Psychologist explains pattern of student-teacher sexual relation - Cincinnati News, FOX19-WXIX TV

Psychologist explains pattern of student-teacher sexual relations

FORT THOMAS, KY (FOX19) -

A psychologist explains to FOX19 the reasons for a recent outbreak of teachers accused of having sexual relations with their students.

Highlands High School business education teacher Andrea Conners, 33, of Cleves, Ohio was indicted Thursday for felony Sex Abuse which, if convicted, carries one to five years in prison. The eight year veteran educator is accused of having a sexual relationship with an underage male student between October 1, 2011, and November 30, 2011. Sources tell FOX19 News that Conners is married and has two young sons.

Conners is the third teacher in the Tri-State to be either indicted or convicted in the past six months, and the third female educator. Stacy Shuler, a Mason High School teacher, was convicted of 16 counts of having sex with several teenage male students last fall.

Sarah Jones, a Ben-Gal cheerleader, was indicted in April for having sexual relations with a male student where she taught at Dixie High School in Edgewood.

FOX19 talked with a leading psychologist who routinely testifies in court regarding sexual addictions.

"There is a sense of power and control. There is a sense of being attracted to the innocence," Dr. Stuart Bassman said. "There is an extent where a person is emotionally suffering and they seek out the comfort of another person and they do so in a very destructive way. It could have been that something like that happened to them or in a sense they don't realize the harm, and in their distorted thinking they rationalize and justify that".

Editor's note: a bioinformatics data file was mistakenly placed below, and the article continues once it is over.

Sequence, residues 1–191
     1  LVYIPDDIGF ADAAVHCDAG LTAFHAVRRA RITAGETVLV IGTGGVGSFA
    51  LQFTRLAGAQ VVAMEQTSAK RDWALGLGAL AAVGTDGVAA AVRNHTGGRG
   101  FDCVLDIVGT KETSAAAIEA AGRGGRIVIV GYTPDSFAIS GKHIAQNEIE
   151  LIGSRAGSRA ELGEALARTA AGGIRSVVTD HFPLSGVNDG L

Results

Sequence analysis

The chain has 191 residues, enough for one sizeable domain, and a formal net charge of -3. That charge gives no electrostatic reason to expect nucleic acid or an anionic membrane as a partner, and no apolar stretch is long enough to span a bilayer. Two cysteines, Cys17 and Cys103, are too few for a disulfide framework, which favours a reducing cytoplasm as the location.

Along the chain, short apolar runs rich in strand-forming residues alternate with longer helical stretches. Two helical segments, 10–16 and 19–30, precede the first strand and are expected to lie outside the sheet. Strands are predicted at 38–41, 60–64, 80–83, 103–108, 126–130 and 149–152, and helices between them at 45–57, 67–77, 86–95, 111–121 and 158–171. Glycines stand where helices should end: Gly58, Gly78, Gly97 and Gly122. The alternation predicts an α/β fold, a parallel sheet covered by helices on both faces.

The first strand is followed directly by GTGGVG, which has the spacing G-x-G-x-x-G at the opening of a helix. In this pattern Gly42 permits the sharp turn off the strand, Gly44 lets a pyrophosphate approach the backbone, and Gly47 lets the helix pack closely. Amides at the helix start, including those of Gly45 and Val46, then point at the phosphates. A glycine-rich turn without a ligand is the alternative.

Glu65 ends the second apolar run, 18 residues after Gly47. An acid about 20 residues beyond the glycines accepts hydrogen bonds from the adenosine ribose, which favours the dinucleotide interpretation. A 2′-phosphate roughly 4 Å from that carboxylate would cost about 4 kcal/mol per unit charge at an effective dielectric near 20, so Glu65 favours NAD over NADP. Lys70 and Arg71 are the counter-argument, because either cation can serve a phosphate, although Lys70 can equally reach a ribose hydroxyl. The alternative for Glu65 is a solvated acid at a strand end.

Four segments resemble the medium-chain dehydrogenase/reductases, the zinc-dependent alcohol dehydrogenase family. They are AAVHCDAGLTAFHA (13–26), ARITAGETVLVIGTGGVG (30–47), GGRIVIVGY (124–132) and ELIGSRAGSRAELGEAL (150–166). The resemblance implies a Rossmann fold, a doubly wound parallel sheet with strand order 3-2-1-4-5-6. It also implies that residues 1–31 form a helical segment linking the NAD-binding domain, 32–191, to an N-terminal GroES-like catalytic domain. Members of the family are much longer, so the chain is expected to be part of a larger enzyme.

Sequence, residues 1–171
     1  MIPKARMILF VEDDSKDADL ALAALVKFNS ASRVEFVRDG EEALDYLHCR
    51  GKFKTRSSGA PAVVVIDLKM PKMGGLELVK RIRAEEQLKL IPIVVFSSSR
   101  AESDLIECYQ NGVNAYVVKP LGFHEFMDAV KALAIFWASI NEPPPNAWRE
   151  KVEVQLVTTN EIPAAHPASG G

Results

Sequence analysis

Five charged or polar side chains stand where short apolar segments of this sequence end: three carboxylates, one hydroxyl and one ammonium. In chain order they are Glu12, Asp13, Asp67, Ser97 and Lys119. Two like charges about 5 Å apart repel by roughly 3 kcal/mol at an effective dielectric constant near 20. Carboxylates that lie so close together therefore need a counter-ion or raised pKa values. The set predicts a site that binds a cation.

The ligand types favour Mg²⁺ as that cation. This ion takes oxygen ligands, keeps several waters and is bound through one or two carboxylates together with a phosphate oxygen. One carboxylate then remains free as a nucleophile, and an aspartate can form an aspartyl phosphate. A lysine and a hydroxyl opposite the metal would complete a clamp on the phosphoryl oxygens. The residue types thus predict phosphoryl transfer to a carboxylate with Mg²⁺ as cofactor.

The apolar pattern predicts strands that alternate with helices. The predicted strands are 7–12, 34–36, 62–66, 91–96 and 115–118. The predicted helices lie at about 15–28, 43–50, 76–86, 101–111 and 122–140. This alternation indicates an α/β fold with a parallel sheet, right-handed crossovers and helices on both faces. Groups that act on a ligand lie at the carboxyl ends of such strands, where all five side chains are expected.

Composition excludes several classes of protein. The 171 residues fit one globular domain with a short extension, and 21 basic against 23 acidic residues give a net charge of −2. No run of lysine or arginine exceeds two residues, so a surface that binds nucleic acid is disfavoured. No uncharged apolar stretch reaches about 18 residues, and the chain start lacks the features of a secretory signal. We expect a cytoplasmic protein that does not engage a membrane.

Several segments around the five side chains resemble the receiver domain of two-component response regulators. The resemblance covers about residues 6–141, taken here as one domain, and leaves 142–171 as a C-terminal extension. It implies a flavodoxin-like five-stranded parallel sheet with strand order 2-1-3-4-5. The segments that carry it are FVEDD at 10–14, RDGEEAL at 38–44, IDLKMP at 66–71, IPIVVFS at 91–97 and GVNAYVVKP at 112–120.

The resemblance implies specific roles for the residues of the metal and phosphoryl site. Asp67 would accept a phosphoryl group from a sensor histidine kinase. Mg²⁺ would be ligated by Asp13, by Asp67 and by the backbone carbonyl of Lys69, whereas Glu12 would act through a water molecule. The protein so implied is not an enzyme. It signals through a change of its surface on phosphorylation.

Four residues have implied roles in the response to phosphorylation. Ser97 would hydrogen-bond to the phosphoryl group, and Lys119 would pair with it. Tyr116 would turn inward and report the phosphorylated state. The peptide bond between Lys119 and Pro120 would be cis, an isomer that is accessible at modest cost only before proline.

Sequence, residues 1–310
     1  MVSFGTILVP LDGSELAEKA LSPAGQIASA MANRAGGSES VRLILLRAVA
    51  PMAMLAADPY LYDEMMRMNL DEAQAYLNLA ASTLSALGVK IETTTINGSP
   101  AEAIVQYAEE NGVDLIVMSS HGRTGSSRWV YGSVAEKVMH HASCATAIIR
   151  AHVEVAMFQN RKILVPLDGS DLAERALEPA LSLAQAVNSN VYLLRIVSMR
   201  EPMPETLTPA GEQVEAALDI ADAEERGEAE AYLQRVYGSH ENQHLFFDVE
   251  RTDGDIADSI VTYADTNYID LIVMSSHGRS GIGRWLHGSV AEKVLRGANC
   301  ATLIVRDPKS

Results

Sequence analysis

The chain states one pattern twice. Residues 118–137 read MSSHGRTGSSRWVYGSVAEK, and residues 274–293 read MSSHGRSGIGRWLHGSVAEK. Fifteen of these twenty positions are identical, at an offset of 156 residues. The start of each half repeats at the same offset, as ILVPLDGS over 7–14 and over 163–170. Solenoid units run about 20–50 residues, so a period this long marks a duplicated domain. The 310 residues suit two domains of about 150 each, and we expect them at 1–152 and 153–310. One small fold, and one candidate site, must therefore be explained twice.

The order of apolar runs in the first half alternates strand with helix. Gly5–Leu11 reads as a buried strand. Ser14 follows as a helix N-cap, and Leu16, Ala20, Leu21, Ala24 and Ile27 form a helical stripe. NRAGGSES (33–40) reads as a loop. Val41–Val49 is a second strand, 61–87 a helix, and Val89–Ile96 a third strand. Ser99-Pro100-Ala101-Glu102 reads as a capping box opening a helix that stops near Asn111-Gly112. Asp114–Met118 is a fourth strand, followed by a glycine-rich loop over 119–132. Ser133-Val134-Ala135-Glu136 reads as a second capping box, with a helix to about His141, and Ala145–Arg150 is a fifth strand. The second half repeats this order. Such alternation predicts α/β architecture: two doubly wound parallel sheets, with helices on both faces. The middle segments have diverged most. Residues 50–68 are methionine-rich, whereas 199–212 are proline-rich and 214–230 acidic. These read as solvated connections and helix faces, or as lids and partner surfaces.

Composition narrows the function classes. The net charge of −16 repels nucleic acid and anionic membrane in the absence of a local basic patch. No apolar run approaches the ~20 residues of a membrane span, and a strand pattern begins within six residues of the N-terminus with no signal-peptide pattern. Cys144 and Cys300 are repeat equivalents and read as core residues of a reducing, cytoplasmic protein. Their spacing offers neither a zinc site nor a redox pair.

In addition, the consensus is that when this happens a person makes it difficult for themselves to be a further success in life. For example, not only do they usually go to prison but when they are released they have to register as a sex offender.

"Some of those requirements are for life," says Fox19 News Legal Analyst Mike Allen, a former judge, police officer, prosecutor and now a criminal defense attorney. "In addition to that you would lose your state certification and you would lose your ability to practice in your profession. There's a possibility of a civil suit or civil litigation that would arise out of it on behalf of the victim."

Allen also says if the person winds up getting divorced and has children, they could easily lose custody of them because judges are very reluctant to give custody too, and in some cases, even grant visitation time to registered sex offenders.

"It does not present them in a good light and the other parent on the other side of it certainly would use that against them."

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